A process that creates a common vision of an organizations future and a shared understanding of expectations and objectives Strategic planning involves determining long -term business goals and objectives
Goals and objectives flow down from needs A goal is a broad, fundamental aim that the organization expects to accomplish to fulfill its need
e.g. to stay competitive

Why are we doing this? Describes the needs of typical customers or of the target market segment Need typically initiates a project
e.g. a market demand, a business need, a customer request, a technological advance, or a legal requirement
We need a company web page We have to increase exposure to customers We have to improve internal company communications

Objectives expand on how you will meet the goals


Summarize the important business benefits the product will provi de in a quantitative and measurable way e.g. to increase product sale by 10% per year

The need statement should not change much over time


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Business risks
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Scope Initiation Project selection


Many organizations follow a planning process for selecting projects
Develop an strategic plan based on the organizations overall strategic plan (SWOT Analysis) Perform a business area analysis Define potential projects Select projects and assign resources

Summarize the major business risks associated with developing or not development of the system
Marketplace competition Timing issues User acceptance Implementation issues Possible negative impacts on the business

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Methods for Selecting Projects


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Weighted Scoring Model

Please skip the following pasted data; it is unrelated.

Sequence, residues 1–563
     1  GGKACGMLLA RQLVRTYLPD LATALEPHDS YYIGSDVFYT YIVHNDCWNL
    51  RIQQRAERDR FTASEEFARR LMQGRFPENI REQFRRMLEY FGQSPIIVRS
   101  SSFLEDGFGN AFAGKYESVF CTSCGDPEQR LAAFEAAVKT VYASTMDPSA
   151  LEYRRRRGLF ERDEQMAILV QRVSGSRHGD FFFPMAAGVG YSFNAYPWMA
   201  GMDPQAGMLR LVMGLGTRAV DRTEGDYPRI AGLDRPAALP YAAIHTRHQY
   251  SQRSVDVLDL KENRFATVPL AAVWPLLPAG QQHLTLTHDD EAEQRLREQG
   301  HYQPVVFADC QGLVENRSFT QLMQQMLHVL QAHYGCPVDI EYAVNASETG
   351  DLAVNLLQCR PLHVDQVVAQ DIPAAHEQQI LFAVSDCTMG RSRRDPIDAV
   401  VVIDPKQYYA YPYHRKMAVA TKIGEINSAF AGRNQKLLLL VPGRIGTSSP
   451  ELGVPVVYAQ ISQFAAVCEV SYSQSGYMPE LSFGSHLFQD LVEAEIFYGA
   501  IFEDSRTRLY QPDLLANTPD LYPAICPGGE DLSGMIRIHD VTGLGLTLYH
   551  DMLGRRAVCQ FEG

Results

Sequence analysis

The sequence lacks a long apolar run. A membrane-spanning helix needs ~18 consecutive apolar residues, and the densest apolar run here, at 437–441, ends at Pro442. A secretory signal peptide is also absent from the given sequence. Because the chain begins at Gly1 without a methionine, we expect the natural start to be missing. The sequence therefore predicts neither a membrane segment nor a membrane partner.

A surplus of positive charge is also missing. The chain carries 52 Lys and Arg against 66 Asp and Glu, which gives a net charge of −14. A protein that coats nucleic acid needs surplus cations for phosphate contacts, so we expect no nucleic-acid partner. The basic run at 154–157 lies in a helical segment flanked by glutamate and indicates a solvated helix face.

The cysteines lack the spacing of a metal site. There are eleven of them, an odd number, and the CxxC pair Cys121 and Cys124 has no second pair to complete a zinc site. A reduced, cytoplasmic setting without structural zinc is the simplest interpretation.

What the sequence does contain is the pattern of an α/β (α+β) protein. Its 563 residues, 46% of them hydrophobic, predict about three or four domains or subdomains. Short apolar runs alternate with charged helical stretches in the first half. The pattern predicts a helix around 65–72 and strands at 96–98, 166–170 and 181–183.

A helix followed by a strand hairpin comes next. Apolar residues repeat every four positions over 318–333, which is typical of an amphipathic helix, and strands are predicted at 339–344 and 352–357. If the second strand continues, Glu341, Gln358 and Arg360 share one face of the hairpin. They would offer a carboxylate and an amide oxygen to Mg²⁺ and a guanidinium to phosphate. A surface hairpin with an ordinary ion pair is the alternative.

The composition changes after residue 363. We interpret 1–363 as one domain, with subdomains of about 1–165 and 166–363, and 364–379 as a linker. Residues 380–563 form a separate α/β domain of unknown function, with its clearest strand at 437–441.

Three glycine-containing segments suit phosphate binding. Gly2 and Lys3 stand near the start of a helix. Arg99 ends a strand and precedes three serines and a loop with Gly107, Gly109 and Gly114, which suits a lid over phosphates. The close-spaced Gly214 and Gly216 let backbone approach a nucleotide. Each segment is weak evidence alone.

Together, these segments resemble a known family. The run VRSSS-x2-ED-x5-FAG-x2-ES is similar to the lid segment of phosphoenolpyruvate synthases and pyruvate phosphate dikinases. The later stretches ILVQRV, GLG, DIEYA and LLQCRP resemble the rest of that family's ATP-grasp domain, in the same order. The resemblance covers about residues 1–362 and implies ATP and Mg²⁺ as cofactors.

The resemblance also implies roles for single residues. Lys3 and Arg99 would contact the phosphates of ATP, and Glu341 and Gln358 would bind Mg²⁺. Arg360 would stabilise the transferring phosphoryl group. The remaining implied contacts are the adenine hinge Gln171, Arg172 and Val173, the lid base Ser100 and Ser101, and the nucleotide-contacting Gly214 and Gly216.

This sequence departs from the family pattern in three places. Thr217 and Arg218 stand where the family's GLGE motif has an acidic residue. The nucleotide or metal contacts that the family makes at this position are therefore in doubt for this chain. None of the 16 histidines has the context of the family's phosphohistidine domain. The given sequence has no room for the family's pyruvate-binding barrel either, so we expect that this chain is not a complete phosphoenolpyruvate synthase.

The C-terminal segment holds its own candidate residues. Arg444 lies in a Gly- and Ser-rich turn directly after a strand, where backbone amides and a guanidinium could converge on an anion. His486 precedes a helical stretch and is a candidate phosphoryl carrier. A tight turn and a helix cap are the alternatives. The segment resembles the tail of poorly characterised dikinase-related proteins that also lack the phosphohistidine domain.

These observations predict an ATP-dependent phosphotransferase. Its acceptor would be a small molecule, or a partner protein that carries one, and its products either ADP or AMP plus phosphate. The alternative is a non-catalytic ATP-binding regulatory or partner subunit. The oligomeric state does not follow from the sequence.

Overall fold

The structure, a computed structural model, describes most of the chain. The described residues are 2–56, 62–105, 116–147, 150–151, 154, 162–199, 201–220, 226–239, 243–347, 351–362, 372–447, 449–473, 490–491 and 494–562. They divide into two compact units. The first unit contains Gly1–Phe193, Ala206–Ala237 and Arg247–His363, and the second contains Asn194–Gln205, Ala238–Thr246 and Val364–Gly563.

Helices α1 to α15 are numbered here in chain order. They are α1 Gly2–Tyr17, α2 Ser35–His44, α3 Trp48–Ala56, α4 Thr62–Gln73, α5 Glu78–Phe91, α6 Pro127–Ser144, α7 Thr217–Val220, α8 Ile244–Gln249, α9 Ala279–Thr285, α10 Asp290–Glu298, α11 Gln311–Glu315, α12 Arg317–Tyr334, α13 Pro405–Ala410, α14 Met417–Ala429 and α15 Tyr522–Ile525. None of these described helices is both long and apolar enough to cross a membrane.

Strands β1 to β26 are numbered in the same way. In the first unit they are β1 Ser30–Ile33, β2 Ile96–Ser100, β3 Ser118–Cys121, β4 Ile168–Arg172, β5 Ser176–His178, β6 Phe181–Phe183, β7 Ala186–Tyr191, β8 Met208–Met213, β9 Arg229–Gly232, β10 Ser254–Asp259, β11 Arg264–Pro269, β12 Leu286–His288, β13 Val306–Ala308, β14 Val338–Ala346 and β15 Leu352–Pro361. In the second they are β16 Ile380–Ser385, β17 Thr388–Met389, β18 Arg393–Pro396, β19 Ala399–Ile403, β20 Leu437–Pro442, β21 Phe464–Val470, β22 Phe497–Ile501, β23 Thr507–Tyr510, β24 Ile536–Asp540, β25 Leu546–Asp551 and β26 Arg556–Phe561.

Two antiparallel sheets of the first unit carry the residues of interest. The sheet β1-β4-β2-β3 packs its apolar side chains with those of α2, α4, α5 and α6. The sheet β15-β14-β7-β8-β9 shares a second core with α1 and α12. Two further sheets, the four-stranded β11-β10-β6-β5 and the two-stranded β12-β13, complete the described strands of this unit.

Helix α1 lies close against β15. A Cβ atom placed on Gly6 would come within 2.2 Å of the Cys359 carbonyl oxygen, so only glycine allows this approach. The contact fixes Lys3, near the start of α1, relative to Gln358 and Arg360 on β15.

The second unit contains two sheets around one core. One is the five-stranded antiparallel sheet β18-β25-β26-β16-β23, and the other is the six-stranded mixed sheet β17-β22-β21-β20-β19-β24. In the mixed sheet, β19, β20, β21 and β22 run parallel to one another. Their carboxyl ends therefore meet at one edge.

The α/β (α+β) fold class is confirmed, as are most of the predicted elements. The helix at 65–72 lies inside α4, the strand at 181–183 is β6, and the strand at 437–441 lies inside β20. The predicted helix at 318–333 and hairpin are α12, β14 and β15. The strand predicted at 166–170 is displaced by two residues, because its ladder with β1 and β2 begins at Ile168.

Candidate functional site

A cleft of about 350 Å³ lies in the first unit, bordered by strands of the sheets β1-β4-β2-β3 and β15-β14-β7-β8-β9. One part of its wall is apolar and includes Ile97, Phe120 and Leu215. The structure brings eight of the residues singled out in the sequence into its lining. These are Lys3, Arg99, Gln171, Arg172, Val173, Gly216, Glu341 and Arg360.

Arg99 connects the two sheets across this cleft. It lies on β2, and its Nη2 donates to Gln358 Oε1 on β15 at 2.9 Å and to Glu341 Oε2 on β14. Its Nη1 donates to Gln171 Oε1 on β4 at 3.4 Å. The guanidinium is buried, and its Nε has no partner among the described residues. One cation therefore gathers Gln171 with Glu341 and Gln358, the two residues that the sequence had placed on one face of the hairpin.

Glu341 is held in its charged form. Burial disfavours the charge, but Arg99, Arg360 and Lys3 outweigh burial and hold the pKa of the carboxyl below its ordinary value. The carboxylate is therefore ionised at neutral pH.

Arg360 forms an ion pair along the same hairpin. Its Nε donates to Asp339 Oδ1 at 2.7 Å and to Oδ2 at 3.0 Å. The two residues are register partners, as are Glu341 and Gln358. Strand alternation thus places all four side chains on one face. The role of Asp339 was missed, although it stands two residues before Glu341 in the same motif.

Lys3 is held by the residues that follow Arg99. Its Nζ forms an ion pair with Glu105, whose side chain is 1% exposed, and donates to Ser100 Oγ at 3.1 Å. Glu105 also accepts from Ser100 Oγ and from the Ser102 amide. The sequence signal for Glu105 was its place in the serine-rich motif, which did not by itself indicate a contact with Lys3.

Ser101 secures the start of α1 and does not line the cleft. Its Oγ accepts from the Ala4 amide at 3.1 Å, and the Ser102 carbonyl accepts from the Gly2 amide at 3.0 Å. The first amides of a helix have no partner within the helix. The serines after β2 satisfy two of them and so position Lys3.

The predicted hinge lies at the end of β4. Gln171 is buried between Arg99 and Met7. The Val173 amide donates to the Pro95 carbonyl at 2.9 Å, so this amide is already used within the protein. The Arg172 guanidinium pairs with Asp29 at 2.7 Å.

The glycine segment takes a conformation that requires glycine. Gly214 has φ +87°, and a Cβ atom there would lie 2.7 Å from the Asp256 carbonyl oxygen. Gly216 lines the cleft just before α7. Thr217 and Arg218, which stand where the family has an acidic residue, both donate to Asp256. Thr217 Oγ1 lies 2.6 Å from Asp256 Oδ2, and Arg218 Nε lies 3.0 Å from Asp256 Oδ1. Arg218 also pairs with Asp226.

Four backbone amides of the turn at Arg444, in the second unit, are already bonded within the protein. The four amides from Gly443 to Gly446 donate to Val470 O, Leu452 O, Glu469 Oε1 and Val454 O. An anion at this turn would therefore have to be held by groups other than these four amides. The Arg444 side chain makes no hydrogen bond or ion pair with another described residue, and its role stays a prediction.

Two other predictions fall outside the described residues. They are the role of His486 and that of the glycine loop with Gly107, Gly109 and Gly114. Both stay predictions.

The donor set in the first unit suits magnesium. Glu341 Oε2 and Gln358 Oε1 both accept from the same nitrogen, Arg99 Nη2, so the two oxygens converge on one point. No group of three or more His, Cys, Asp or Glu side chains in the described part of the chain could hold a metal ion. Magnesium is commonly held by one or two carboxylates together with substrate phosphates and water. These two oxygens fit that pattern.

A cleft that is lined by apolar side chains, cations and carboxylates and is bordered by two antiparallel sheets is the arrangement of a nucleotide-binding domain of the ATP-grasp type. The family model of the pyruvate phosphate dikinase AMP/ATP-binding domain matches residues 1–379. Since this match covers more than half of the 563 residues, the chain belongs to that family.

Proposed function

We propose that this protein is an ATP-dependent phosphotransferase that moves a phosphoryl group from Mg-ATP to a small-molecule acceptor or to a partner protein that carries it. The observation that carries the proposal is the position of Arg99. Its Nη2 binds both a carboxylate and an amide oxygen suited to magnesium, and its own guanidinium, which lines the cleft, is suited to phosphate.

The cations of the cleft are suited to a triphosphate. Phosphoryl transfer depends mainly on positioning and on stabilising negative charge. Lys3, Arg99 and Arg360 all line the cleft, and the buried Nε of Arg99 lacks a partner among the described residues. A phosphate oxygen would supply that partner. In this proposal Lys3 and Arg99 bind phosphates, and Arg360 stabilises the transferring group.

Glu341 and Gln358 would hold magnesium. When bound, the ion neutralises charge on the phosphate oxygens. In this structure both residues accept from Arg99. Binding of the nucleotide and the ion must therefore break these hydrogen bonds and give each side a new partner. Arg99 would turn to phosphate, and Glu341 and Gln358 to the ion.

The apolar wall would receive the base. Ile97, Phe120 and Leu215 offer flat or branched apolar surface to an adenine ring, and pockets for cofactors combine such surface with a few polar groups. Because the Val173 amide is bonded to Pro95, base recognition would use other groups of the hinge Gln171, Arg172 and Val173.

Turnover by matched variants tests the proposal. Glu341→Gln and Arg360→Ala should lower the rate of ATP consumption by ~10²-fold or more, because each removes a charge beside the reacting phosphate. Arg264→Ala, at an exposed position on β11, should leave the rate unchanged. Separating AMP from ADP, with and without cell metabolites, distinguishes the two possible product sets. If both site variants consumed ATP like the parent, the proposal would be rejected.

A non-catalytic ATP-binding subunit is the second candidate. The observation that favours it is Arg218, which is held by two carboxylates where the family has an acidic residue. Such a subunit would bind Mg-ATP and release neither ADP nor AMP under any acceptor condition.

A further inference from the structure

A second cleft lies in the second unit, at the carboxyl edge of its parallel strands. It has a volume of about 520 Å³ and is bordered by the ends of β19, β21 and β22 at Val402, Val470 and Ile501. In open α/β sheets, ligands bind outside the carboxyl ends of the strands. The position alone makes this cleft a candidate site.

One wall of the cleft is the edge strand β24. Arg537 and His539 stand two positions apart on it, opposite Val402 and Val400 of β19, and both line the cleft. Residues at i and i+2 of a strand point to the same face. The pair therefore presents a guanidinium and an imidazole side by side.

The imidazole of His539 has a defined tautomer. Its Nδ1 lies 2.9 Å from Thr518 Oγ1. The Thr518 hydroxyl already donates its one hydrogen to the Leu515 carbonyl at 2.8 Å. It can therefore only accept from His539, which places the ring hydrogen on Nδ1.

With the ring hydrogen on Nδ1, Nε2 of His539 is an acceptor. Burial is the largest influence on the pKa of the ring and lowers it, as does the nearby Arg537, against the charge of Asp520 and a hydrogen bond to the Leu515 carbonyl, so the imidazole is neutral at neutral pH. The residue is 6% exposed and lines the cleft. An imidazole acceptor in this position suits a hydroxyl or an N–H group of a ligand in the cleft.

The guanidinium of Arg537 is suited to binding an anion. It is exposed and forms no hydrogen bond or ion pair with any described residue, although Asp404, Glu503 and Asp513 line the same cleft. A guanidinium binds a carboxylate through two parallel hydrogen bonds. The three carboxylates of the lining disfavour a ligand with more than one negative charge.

A weighted scoring model is a tool that provides a systematic process for selecting projects based on many criteria
Identify criteria important to the project selection process Assign weights (percentages) to each criterion so they add up to 100% Assign scores to each criterion for each project Multiply the scores by the weights and get the total weighted scores

There are usually more projects than available time and resources to implement them Methods include
focusing on broad organizational needs categorizing projects financial analysis weighted scoring model Balanced scorecard

High Cost /Risk

Low Cost /Risk

The higher the weighted score, the better

Low Benefit

High Benefit

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Sample Weighted Scoring Model for Project Selection


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Scope Initiation Output


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Project charter
After deciding what project to work on, it is important to formalize projects A project charter is a document that formally recognizes the existence of a project and provides direction on the projects objectives and management Key project stakeholders should sign a project charter to acknowledge agreement on the need and intent of the project

Project Manager selected Constraints


factors that will limit the teams options e.g., fixed budget e.g., contractual provisions

Assumptions
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Project charter
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Sample Project Charter


Project Title: Online book selling system ( OBSS) Project Project Start Date: March 4, 2002 Projected Finish Date: July 4, 2002 Project Manager: Kim Nguyen, 691-2784, knguyen@abc.com Project Objectives: Develop the OBSS for Corner Bookstore within 4 months. By implementing the system, the storewill be able to advertise and sell their books online. Customers can order through OBSS and later pay online and track shipments. Approach: Update the IT inventory database to determine upgrade needs Develop detailed cost estimate for project and report to CIO Issue a request for quotes to obtain hardware and software Use internal staff as much as possible to do the planning, analysis, and installation

Formalizes existence of project Provides direction on objectives Signoff by key project stakeholders

Charter Components:
Title, date Project manager Project objective Summary of approach Roles and responsibilities matrix Sign-off Comments (assumptions, constraints)

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Sample Project Charter (Cont.)


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Name Walter Schmidt, CEO Mike Zwack Kim Nguyen Jeff Johnson Nancy Reynolds Role Project Sponsor CIO Project Manager Director of IT Operations VP, Human Resources Responsibility Monitor project Monitor project, provide staff Plan and execute project Mentor Kim Provide staff, issue memo to all employees about project Assist in purchasing hardware and software

Scope planning
Scope planning